Bates Motel: TV Review

Bates Motel Screen Grab - H 2013

Bates Motel Screen Grab - H 2013

Hitchcock devotees might think they know how it all ends, but this series takes the infamous Bates family in intriguing new directions.

A&E’s sort-of prequel to "Psycho" from "Lost’s" Carlton Cuse is refreshingly creepy.

There’s one thing Bates Motel creators Carlton Cuse (Lost) and Kerry Ehrin (Friday Night Lights) want to emphasize about their new A&E series: No, it’s not an homage to Psycho.

Yes, it’s about Norman Bates (Freddie Highmore of Finding Neverland) and his mother, Norma (Up in the Air Oscar nominee Vera Farmiga), and there’s a hotel and an exact replica of the famous house, but this is what the creators are calling a “contemporary prequel” to the 1960 Alfred Hitchcock movie -- one that frees them up to tell new stories.

This is important to know -- not an homage, got that? -- because viewers shouldn’t get hung up about knowing how it all will end, nor should they rely on what they know from the movie to inform how they look at these characters. Part of that is because we might never see how it all ends, anyway. And part of that is because the premise itself holds extraordinary storytelling possibilities.

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Bates Motel feels new and not derivative, coming across more Twin Peaks eeriness than full-on Psycho. Cuse and Ehrin -- whose résumés should give viewers hope for creative riches -- must have felt free to make up whatever they wanted.

Mother and son have arrived in the fictional Northern California town of White Pines Bay after leaving Arizona, and a mysterious accident that befell Norman’s father, behind. Guess what? Mom’s bought a motel and the house that goes along with it.

What benefits Bates Motel is that neither Norma nor Norman is obviously evil in any way. This isn’t American Horror Story, where you’re going to get creeped out at every turn, on purpose, until all you expect is something harrowing. This is far more subtle and doesn’t need to make mother and son into a freak show. And although 17-year-old Norman has been taken in by a flock of hot girls at his new high school, he ends up meeting Emma (Olivia Cooke), a girl with cystic fibrosis who seems to find in him a kindred spirit. She’s intrigued by a manga book Norman found in one of the hotel rooms that seems to indicate the creator was sexually abused and possibly killed.

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Cuse and Ehrin clearly intend to put down enough plot points to take away the notion that Norman is just going to flip into psychosis at any moment. Adding to the mystery is the fact that we find out Norman has an older half-brother named Dylan (Max Thieriot), a troublemaker who is scorned by Norma but weasels his way back into their lives. As Norma works to get Dylan to move on, he instead finds a new job -- helping guard an immense pot farm in the mountains.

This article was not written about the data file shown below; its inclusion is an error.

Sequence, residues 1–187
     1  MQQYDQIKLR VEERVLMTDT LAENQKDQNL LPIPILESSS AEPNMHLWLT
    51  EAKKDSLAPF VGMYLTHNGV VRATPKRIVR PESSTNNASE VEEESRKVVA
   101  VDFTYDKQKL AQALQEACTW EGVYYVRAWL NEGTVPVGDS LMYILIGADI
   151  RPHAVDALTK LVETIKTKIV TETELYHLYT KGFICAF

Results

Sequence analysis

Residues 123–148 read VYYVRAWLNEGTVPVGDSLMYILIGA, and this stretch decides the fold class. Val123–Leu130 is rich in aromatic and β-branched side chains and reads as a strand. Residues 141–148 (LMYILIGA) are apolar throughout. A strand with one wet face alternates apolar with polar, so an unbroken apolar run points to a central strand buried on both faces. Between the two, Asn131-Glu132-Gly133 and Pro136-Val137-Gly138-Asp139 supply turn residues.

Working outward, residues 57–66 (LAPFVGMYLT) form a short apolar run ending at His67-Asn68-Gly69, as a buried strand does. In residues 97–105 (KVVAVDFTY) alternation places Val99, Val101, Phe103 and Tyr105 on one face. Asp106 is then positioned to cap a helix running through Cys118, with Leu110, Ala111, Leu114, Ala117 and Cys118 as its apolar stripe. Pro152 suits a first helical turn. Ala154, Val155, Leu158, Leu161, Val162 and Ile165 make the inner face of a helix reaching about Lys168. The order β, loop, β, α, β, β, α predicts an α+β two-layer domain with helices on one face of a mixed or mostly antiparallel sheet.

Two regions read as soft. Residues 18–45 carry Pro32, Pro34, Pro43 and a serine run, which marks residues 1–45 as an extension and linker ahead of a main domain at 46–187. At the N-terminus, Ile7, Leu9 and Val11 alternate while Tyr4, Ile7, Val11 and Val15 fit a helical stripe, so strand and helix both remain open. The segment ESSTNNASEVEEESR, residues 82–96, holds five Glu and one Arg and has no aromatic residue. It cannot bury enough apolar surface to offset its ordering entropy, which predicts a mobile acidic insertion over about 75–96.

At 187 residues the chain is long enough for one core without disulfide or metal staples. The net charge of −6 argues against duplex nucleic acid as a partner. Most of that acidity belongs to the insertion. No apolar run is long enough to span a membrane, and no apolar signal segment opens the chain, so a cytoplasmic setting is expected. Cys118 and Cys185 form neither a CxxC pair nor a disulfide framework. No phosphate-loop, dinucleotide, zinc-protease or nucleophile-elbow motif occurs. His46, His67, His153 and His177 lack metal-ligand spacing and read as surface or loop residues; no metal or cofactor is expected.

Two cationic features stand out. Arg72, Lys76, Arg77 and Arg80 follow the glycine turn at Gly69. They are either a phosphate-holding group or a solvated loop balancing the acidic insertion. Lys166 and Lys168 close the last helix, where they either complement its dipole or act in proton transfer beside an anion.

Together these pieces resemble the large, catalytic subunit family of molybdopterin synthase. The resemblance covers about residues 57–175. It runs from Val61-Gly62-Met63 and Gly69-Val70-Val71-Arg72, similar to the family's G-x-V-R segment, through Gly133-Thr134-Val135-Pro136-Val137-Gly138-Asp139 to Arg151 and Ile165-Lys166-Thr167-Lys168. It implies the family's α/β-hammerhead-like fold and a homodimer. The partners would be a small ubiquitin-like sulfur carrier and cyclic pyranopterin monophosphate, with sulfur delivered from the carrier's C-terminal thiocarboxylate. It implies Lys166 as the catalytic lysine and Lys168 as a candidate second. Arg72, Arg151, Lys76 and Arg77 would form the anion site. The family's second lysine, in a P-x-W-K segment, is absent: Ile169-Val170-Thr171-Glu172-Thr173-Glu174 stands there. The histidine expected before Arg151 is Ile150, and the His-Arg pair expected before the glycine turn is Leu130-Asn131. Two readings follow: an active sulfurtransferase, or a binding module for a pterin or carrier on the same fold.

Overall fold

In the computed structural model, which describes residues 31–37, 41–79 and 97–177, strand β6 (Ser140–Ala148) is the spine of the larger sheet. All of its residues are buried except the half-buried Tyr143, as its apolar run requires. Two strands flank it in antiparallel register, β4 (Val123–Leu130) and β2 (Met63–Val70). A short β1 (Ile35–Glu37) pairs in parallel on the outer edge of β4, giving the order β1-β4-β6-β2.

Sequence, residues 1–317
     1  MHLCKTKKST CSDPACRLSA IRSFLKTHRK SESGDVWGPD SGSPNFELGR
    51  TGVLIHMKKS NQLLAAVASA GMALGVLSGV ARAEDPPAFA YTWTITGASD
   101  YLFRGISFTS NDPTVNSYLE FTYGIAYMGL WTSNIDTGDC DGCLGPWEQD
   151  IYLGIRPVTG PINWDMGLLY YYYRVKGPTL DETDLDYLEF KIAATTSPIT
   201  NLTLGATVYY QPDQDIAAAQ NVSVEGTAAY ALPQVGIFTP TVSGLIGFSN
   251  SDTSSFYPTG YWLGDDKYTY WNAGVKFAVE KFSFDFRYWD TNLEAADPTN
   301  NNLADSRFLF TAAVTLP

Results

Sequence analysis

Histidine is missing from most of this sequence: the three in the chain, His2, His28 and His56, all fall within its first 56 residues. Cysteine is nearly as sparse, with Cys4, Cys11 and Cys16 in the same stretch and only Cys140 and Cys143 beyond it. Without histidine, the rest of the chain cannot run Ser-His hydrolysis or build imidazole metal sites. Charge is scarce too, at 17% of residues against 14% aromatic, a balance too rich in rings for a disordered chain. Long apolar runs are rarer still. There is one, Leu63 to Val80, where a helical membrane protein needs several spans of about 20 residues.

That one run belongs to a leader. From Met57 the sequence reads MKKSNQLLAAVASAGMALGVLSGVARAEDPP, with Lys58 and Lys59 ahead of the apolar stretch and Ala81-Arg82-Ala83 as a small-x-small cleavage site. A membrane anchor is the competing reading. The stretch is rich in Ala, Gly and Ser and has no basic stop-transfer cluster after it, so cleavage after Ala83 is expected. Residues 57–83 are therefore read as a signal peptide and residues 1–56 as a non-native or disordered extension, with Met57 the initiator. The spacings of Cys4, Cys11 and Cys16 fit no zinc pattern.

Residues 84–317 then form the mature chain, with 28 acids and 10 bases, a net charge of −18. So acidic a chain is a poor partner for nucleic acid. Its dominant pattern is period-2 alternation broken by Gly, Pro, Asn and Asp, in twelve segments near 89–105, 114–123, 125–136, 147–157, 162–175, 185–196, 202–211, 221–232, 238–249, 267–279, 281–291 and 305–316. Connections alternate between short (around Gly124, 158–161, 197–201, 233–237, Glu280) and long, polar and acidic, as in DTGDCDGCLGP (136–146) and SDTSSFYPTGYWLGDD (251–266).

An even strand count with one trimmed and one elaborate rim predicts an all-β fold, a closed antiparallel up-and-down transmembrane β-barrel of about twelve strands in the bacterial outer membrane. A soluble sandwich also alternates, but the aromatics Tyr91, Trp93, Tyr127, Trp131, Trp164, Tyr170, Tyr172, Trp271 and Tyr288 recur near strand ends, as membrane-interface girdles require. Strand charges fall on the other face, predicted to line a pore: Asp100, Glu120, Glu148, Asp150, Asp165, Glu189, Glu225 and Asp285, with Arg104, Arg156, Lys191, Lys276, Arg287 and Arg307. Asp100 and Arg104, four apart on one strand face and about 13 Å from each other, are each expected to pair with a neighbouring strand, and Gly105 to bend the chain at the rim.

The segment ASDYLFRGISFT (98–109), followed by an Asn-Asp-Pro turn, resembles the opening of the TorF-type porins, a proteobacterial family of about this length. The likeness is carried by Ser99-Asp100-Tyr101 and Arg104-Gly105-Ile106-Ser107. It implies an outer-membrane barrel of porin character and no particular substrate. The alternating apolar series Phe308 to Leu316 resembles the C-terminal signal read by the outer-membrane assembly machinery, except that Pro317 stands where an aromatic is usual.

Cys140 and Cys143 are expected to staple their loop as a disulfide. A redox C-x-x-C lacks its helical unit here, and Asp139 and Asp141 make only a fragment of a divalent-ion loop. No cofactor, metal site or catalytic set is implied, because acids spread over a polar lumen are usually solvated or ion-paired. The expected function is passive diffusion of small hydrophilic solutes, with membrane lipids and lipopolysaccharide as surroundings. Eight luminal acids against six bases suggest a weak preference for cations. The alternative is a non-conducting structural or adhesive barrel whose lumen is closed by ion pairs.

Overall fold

See, White Pine Bay isn’t as idyllic as it sounds. (The series, shot in Vancouver, has that dark and dreary Pacific Northwest look, though it’s not as relentlessly bleak and wet as The Killing.)

Now, do all these potential storylines mean Norma and Norman won’t, you know, grow close? Not at all. Norma clearly is smothering the boy. Moving into the house on the first night, he looks up to see her through the window in her bra and underwear. Later, she’ll change her top in front of him, and when he blanches, she says: “Oh, Norman, I’m your mother. It’s not like it’s weird or anything.”


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Across the first three episodes, Highmore does a terrific job of seeming at once introverted, harmless and troubled. At first he just comes off as slightly geeky and then begins to show signs of undiscovered issues he’s trying to tamp down. It’s a nicely nuanced portrayal, as is the conceit that Norman might not quite remember when he’s being bad. But what’s really striking is how superb Farmiga is -- being mother, sex object, fierce protector and, best of all, totally unpredictable. 

Expect a slow(ish) rollout for Bates Motel, as the first couple of episodes establish character and location, before things take an uptick during episode three. But there’s more than enough intrigue and entertainment -- on top of Farmiga’s outstanding turn -- to keep viewers wanting more of this new-style nonhomage to Psycho.